Round 1: Samaniego v. Abbott – we all know how that turns out.
Round 2: Lesser v. Abbott – who will win in the epic mask mandate battle?
I’m Lawyer Alexandria Serra, and in this week’s episode of Lawyer Talk Thursday (catch it every week on Instagram @alexandriaserra), I'm going over the newly established mask mandates in El Paso.
Pop quiz: can cities or counties really sue the governor? They sure can. And school districts can too. When a government official or body, such as the governor (in this case, the executive branch in Texas), acts outside its authority, it can be sued. If the government is abusing its power, it’s got to be smacked down by the judiciary!
What's going on
Last week Governor Gregg Abbott attempted to enforce an executive order (GA-38) declaring that mandatory mask mandates and shutdowns could not be enforced. In response to this, El Paso among other Texas cities filed a lawsuit against him. The City argues that Abbott doesn’t have the right under the laws of Texas or its Constitution to tell municipalities what to do during a disaster. They claim his executive order is unconstitutional and outside the scope of his powers. Abbott claims he can do exactly what is set out in his order.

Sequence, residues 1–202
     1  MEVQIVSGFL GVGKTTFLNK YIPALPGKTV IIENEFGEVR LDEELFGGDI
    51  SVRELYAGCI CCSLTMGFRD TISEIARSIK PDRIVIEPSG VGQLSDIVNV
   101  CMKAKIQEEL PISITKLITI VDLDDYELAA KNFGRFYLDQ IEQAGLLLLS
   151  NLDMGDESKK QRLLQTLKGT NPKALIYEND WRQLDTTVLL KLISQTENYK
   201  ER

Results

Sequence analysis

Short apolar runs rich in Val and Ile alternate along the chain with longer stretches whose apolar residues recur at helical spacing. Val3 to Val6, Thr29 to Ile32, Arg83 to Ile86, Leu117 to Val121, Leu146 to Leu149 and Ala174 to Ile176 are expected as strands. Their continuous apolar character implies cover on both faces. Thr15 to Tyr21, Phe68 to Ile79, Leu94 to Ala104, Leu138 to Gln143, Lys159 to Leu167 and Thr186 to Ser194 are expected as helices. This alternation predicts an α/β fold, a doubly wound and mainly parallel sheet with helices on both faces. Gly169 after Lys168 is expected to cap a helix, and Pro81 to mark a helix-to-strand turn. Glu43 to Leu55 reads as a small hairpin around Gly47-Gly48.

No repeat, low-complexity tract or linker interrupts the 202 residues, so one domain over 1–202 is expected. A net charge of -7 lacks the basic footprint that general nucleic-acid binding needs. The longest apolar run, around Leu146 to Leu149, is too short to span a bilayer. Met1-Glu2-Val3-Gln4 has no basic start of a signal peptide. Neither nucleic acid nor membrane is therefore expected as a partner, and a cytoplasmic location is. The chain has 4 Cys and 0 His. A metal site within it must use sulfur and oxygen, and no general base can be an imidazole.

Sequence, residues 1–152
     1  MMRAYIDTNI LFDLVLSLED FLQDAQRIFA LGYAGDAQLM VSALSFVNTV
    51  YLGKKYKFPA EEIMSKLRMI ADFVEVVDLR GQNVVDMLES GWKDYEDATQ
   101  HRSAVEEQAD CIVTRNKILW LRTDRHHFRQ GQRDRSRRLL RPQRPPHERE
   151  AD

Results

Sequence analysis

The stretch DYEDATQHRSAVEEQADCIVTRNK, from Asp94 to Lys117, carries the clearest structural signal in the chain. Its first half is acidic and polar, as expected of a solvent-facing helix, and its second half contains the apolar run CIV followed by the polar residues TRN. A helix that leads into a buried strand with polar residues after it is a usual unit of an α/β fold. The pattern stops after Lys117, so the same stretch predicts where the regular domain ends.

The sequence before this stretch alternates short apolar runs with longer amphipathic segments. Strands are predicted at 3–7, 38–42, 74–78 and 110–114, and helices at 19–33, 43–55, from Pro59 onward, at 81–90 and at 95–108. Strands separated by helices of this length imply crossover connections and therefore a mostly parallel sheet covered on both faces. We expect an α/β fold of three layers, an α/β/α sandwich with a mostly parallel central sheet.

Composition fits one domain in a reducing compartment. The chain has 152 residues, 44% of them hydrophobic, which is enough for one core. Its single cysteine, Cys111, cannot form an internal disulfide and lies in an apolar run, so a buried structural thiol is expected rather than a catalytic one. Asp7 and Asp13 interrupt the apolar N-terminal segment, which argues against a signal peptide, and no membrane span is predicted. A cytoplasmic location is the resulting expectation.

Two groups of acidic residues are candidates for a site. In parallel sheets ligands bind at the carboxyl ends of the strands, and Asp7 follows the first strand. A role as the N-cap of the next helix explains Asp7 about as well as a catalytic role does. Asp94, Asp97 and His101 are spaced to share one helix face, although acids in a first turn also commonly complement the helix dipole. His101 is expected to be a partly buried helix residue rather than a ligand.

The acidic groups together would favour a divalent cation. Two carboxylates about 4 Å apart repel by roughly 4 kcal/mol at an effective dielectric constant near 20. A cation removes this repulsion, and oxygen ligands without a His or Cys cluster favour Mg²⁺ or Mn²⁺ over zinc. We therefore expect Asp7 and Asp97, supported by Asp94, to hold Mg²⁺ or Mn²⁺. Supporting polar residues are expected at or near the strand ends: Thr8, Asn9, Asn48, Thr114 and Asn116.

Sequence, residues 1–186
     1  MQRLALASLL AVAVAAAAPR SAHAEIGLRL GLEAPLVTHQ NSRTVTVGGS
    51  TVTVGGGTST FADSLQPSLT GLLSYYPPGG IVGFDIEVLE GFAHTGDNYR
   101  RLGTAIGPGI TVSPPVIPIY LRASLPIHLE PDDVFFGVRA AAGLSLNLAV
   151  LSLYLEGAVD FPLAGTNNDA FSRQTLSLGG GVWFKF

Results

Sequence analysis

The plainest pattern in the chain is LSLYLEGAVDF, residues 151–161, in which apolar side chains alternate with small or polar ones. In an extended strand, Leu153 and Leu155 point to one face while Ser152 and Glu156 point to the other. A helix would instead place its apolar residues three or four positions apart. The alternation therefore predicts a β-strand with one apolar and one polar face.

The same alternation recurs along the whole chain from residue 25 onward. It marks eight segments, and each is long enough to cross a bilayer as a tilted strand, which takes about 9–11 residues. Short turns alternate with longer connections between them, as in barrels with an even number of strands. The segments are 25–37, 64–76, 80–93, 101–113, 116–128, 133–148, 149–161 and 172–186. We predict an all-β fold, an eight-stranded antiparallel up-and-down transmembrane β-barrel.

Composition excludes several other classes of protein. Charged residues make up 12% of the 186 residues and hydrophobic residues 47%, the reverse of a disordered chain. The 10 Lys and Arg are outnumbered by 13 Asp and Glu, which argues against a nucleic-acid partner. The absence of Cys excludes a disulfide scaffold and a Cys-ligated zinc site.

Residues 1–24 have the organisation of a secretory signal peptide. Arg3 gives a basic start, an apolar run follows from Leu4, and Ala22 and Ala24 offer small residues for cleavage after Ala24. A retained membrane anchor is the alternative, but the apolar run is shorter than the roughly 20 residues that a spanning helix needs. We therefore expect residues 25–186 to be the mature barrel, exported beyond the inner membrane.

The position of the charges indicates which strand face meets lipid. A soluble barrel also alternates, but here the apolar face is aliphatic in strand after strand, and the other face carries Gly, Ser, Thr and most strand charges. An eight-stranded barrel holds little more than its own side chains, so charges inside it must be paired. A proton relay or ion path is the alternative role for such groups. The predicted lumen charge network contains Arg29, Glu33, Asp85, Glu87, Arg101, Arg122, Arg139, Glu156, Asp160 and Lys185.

While the legislature could come in and make a law, that's not likely to happen - so Abbott and local governments are going to have to duke it out in court. In El Paso, a County Court Judge ruled in the City’s favor and granted a temporary restraining order against Abbott.
What we know so far
Per the order, Abbott and representatives cannot enforce GA-38 in El Paso.
Bottom line: City’s mask mandate is in full effect … for now.
If EPPD chooses to enforce it, it comes with a ticket (aka a class C misdemeanor) with a fine up to $500 and no risk of jail time.
The next court date is on August 31 and the case is set for a Temporary Injunction Hearing, where Abbott may be stopped from enforcing his order for a longer period of time.
So, my friends, I’d love to hear from you! Feel free to email me at email@example.com